Upper Back Pain
Upper back pain is less common in meditation, but can be challenging to correct when it does occur. The best way to alleviate upper back pain when sitting is to support your back with a straight board, like a chair back or wall. A small cushion like the Runa can act as a support against the wall or chair back.
Shoulder and Wrist Discomfort
If you like to fold your hands in front of you with your thumbs touching while you meditate, but have a long torso and short arms, this posture can be uncomfortable for the shoulders and arms.
To alleviate the discomfort, place a small square in your lap. This supports the hands and lifts the arms, keeping the arms from pulling the shoulders forward.
Hip pain can occur during meditation when you sit flat on the floor without any support, or if your cushion is the wrong shape or size for your body. For optimal support, the edge of the cushion should meet your hip joint. Depending on your body type, you are going to feel more comfortable with a round, oval or rectangular cushion or bench. (When the hips aren’t sitting comfortably, the knees and ankles can also get distressed and/or fall asleep.)
If you’re very flexible or an experienced meditator, then you may simply need a small cushion like a mini zafu the Runa or a triangle knee cushion to give you a bit of a boost off the floor. (All these cushions are also light and easy to carry to class or in your travel bag.)
If your hips still hurt, you may require additional cushions. Try a combination of cushions like a Zafu or bolster or bench together with a zabuton or floor cushion or knee cushions. Or, add more height by placing small hand cushions or a Dolma cushion under or on top of your sitting cushion.
Ankle pain is commonly experienced when meditating on hardwood floors or thin mats. Soft cushioning under the ankle bones is the best solution. The zabuton and Dolma cushion offer instant relief for ankle pain. You can also place a hand cushion under your feet or use a soft sweater or thick blanket. Although it is very easy to alleviate ankle pain, if nothing is done about it, it can be extremely painful.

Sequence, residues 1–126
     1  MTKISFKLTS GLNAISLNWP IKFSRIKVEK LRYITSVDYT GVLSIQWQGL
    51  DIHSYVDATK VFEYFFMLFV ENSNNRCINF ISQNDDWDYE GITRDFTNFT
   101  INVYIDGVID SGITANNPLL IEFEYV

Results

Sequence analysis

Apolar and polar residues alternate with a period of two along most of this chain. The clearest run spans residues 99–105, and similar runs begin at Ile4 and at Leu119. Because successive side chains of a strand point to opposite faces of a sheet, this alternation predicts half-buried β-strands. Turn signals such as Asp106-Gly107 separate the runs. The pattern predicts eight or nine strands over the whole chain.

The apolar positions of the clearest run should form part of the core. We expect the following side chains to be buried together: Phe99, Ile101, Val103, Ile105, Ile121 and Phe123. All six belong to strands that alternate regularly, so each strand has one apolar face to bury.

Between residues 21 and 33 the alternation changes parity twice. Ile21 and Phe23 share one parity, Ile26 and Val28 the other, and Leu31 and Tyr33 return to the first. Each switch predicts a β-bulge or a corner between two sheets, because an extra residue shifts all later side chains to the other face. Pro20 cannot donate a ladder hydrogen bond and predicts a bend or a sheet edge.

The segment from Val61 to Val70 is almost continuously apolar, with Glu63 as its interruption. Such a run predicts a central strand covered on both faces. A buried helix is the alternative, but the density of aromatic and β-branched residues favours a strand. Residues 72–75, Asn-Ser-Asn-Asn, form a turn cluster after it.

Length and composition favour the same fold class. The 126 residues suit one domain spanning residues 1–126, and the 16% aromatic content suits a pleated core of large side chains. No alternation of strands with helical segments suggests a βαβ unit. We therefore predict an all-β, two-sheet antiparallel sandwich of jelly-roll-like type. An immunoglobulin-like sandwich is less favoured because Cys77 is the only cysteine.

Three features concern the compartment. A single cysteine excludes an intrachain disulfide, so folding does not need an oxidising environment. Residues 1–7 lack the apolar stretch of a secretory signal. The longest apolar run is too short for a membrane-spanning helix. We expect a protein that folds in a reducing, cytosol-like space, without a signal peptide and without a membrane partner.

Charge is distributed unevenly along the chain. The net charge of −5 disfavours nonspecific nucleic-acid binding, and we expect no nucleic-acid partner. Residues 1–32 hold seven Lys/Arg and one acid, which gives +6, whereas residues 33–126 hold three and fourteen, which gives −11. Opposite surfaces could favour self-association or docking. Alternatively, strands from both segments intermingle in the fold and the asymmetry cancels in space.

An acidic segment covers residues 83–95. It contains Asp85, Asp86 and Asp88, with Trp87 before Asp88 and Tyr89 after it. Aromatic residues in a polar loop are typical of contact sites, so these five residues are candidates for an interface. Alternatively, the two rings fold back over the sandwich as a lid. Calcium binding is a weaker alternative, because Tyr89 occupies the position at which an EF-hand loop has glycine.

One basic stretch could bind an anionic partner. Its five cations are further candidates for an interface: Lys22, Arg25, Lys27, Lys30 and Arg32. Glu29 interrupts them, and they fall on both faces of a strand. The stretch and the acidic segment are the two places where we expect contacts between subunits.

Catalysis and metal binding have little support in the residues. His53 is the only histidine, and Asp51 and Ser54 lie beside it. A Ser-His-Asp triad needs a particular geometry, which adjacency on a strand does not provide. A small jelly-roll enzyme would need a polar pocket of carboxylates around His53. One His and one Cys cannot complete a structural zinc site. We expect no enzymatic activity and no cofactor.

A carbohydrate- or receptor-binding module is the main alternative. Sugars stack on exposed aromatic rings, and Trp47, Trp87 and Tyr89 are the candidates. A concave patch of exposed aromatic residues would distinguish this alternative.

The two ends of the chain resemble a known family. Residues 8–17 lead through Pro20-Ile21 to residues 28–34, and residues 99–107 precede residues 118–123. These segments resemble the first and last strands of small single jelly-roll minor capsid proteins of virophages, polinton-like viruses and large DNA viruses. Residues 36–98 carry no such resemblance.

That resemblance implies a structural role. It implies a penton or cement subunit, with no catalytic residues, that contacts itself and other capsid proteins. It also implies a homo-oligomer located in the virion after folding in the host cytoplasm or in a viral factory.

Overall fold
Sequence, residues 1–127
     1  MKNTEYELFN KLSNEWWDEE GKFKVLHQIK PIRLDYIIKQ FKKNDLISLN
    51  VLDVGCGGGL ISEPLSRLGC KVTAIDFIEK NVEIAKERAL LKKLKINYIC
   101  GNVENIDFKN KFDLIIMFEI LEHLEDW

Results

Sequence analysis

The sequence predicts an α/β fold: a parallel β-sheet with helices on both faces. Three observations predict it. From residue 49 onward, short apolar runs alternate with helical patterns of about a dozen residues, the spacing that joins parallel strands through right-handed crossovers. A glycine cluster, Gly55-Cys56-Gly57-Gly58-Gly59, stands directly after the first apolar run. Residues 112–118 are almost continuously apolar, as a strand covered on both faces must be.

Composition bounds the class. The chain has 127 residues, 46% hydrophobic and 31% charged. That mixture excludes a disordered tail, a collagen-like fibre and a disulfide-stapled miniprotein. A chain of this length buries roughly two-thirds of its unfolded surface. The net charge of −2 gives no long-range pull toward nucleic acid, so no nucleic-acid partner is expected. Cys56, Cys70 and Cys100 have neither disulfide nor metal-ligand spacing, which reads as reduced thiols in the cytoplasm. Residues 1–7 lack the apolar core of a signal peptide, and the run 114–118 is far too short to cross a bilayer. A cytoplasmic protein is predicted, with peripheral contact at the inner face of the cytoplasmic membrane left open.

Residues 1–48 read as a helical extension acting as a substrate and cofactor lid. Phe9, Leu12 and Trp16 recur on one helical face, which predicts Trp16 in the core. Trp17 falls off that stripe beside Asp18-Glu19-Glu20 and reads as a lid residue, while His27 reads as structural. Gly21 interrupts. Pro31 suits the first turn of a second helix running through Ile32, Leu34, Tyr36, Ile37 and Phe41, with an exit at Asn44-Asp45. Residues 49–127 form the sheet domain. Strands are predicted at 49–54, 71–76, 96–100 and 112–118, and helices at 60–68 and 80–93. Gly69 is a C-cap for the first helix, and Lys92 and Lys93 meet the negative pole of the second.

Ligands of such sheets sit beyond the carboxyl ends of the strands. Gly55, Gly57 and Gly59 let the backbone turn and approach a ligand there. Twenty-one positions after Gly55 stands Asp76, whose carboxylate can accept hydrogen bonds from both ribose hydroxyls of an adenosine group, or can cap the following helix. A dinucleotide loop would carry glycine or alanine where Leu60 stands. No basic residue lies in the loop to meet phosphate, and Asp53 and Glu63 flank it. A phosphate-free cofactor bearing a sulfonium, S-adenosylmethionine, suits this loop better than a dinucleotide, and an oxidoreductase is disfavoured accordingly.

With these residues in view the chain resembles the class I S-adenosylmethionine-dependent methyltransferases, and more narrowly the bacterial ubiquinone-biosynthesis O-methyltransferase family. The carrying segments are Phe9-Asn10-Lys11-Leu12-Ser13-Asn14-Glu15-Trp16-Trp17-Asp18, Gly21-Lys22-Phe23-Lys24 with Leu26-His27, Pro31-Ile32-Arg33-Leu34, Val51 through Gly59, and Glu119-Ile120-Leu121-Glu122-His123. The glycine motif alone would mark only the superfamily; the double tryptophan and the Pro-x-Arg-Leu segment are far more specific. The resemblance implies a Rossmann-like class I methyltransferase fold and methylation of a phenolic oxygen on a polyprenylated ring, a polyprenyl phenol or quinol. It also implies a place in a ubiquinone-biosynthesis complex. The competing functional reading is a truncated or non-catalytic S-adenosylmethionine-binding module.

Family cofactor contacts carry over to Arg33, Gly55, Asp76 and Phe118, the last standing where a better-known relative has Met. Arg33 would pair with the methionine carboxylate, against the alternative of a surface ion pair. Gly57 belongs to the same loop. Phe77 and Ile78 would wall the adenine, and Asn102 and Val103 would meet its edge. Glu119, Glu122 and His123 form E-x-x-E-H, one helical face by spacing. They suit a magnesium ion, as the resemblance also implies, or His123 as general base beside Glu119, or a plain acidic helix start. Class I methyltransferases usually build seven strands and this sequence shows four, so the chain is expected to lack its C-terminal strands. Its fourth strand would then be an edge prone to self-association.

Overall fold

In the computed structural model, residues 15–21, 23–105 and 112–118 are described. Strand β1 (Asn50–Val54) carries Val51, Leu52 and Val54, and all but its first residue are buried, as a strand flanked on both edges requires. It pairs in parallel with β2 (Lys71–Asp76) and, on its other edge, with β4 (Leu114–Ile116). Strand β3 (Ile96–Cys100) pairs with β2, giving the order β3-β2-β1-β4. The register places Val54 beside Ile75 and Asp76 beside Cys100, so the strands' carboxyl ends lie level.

For those who sit on their knees or on benches during meditation, there can be tenderness and pain on the top of the foot or ankle. In these cases, it’s best to sit on a soft mat, blanket or zabuton.
Leg Cramps and Legs Falling Asleep
Leg cramps and sleeping legs re often caused by poor circulation, and are one of the most common complaints with meditators. To avoid leg cramps and sleeping legs, ensure you’re sitting at the right height. Use a Zafu or Dolma cushion to boost you up. Lifting and supporting the knees with triangle knee cushions can also alleviate this type of pain and discomfort.
Neck pain is common to everyone, but not often viewed as an obstacle to meditation. In fact, meditation can often help relieve existing neck pain caused by stress. If your neck does hurt during meditation, try to ensure your head is centered rather than tipped upward or downward. The ability to keep your head straight becomes easier with practice.